Variableb CoefficientStandard ErrorBetat
Predictor: sexual functionConstant value15.1290.539-30.720a
Criterion: QOLself-esteem0.9210.0890.81115.322a
Predictor: sexual functionConstant value36.2901.369-19.321a
Criterion: difficulty in emotion regulationself-esteem-2.5120.329-0.813-15.295a
Predictor: difficulty in emotion regulation/sexual functionConstant value20.0920.711-26.720a
Criterion: QOLsexual function0.2290.0190.6278.213a
self-esteem0.5740.0930.4216.715a

a P < 0.01

Table 4 shows that the body image and sexual function are predictors of QOL.

Table 4. Direct and Indirect Effects of Body Image and Sexual Function on QOL with the Mediating Role of Difficulty in Emotion Regulation
PathDirect EffectIndirect Effect
Body image → difficulty in emotion regulation → QOL0.8110.572
Sexual function → difficulty in emotion regulation → QOL0.7910.403

5. Discussion

This study was conducted to investigate the predictive role of body image and sexual function in QOL after MRM, considering the mediating role of emotion regulation. The results of this study showed a direct relationship between body image and sexual function with QOL, as well as an inverse relationship between body image and the difficulty in emotion regulation. Also, body image, sexual function, and difficulty in emotion regulation are predictors of QOL.

Although the present study is the first of its kind, extensive research literature supports the distinct relationship between the studied variables in this study.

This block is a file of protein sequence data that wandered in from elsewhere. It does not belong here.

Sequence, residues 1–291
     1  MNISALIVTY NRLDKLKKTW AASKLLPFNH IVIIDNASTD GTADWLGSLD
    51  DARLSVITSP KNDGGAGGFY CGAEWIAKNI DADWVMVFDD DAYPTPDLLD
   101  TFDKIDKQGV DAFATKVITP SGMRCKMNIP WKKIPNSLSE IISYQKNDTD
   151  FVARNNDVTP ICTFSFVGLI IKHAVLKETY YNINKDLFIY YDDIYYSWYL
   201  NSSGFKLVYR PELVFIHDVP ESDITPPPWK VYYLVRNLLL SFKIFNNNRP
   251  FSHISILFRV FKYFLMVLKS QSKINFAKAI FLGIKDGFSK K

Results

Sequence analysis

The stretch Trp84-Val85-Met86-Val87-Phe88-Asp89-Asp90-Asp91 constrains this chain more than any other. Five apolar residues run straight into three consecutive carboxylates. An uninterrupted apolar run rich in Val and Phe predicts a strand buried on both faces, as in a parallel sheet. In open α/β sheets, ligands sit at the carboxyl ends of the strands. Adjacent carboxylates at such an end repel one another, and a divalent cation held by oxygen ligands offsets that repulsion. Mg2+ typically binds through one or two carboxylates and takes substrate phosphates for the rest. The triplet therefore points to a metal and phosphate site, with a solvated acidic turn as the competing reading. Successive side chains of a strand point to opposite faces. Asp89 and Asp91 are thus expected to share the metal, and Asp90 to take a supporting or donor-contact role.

The results of this study showed a significant relationship between body image, sexual function, and QOL in mastectomy patients. Consistent with our results, the results of a study by Soon et al. (10) showed that mastectomy had negative effects on body image, sexual function, and QOL of patients. In this regard, the results of a study carried out by Thomas et al. (11) showed that body image and perceptions of the person from his/her body affect sexual function. Also, Holmberg et al. (9) showed that a positive body image is associated with good sexual function and satisfaction. Besides, Darwish et al. (15) concluded that the scores of body image and sexual function in women under MRM are significantly low and related. In addition, Kowalczyk et al. (3) emphasized that body disfiguration, the loss of QOL, and sexual dysfunction can be considered a consequence of the surgery in the treatment of cancer. In this regard, Hsiao et al. (4) believe that despite improvement in physical functions, the QOL index in patients with cancer, even after 18 months of treatment, did not show a significant improvement.